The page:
Written by Andy Hogue   
Friday, 20 June 2014 08:34

Washington DC -- The Western States Land Commissioners Association (WSLCA) applauds the introduction of the Advancing Conservation and Education Act of 2014 (ACE) by Congressman Rob Bishop (R-UT) and Congressman Peter DeFazio (D-OR) in the U.S. House of Representatives.

The act ― crafted by WSLCA and its members ― will enhance funding of public education and improve management of Federal conservation lands by streamlining the removal of state institutional and school trust lands from within Federal conservation areas. "The ACE Act will allow states to manage trust lands as intended by Congress ― to generate funding for our schoolchildren across the nation,” stated WSLCA President, Kathy Opp.

WSLCA has been working with its 23 member states, the Western Governors’ Association, the Wilderness Society, Congress, and others to craft the ACE Act. It will allow states to remove school trust lands and minerals that are trapped inside congressionally and administratively designated conservation areas such as national parks, wilderness areas, and national monuments.

The broadly supported ACE Act will allow states to efficiently exchange these trapped assets for federal lands where generation of income for public education is appropriate. Upon statehood, lands were granted to states in trust for the specific purpose of generating income for public education and other state institutions. When federal conservation lands surround state lands, the ability to manage the land for income and provide funding for education suffers. This new authority will also enhance some of our nation's most prized conservation lands by ensuring our national parks, wilderness, and other conservation areas do not contain state holdings within their borders, thus fulfilling the purpose of the conservation lands.

Established in 1949, WSLCA is comprised of 23 Western and some not so Western states that share the common mandate of managing trust lands on behalf of schoolchildren and other designated beneficiaries in our states on a bi-partisan basis. WSLCA's member states manage more than 447 million acres of lands, submerged lands, and minerals with combined trusts amounting to over $271 billion, which generated more than $3.8 billion for public schools in 2012.


Braley, Joined by Davenport, Bettendorf and Burlington Mayors, Writes Vilsack for Ash Borer Resources PDF Print E-mail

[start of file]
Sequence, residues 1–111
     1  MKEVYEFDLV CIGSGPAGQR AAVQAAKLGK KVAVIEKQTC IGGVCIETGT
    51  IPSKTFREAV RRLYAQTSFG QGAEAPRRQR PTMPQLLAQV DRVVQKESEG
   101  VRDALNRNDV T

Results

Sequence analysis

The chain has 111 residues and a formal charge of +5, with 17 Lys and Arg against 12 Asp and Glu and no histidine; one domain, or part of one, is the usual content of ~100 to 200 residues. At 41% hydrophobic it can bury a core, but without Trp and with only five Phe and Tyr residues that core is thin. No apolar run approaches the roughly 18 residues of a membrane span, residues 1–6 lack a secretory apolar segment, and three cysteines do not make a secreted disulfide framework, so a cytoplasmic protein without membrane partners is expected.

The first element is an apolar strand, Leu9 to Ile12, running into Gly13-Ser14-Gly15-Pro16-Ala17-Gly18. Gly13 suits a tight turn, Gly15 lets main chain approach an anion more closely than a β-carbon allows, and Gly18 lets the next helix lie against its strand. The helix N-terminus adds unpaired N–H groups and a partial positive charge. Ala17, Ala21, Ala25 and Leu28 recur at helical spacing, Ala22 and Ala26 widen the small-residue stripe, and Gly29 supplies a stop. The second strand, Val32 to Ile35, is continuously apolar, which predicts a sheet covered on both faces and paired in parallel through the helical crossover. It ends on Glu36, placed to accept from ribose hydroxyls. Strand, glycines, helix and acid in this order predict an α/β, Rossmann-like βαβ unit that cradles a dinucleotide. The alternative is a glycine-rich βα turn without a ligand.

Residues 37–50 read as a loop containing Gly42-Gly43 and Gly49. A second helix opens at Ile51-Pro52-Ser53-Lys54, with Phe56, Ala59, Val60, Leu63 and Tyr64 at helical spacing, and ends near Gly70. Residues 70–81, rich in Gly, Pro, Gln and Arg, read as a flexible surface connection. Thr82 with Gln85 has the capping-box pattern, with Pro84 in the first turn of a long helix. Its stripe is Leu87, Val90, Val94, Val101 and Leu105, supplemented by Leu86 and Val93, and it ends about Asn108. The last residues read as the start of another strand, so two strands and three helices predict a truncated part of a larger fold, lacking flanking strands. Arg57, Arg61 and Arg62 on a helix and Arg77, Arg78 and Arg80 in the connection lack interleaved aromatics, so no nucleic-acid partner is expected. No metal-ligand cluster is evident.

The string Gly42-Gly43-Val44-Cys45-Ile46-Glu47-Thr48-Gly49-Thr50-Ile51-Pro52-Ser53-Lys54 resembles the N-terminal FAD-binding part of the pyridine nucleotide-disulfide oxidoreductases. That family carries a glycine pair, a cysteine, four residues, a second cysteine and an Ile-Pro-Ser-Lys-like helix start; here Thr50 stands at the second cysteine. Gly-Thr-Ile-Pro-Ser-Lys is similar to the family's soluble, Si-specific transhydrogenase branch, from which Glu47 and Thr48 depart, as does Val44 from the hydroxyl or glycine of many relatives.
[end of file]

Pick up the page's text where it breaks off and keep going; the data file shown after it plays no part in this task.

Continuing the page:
News Releases - Environment & Weather
Written by Kirsten Hartman   
Wednesday, 18 June 2014 15:56

30 mayors from across Iowa sign letter to ensure Iowa has same resources as other states dealing with invasive beetle

Washington, D.C. – Rep. Bruce Braley (IA-01) today wrote Secretary Vilsack to ask that the US Department of Agriculture (USDA) allow Iowa to receive the same amount of funds that other states have received as they combat the emerald ash borer—an invasive species that could potentially cause billions of dollars in damage in Iowa.

Mayors from 30 Iowa municipalities, representing over 900,000 Iowa residents, have signed on to Braley’s letter including mayors Bill Gluba of Davenport, Shane McCampbell of Burlington, and Bob Gallagher of Bettendorf.

“Communities all over our state are, or soon will be, dealing with costs associated with the ash borer—and these mayors know firsthand that these pests don’t just harm trees, they harm city budgets as well,” Braley said. “Resources were available to communities in other states when they were battling the ash borer infestation and I’m going to do everything possible to ensure that Iowa is treated fairly.”


“The city of Davenport has aggressively begun surveying and treating ash trees across our city, but this preparation comes at a significant cost,” Davenport Mayor Bill Gluba said. “Federal resources would ensure we can survey, treat, and remove infected ash trees to protect our city and its residents from the effects of the ash borer.”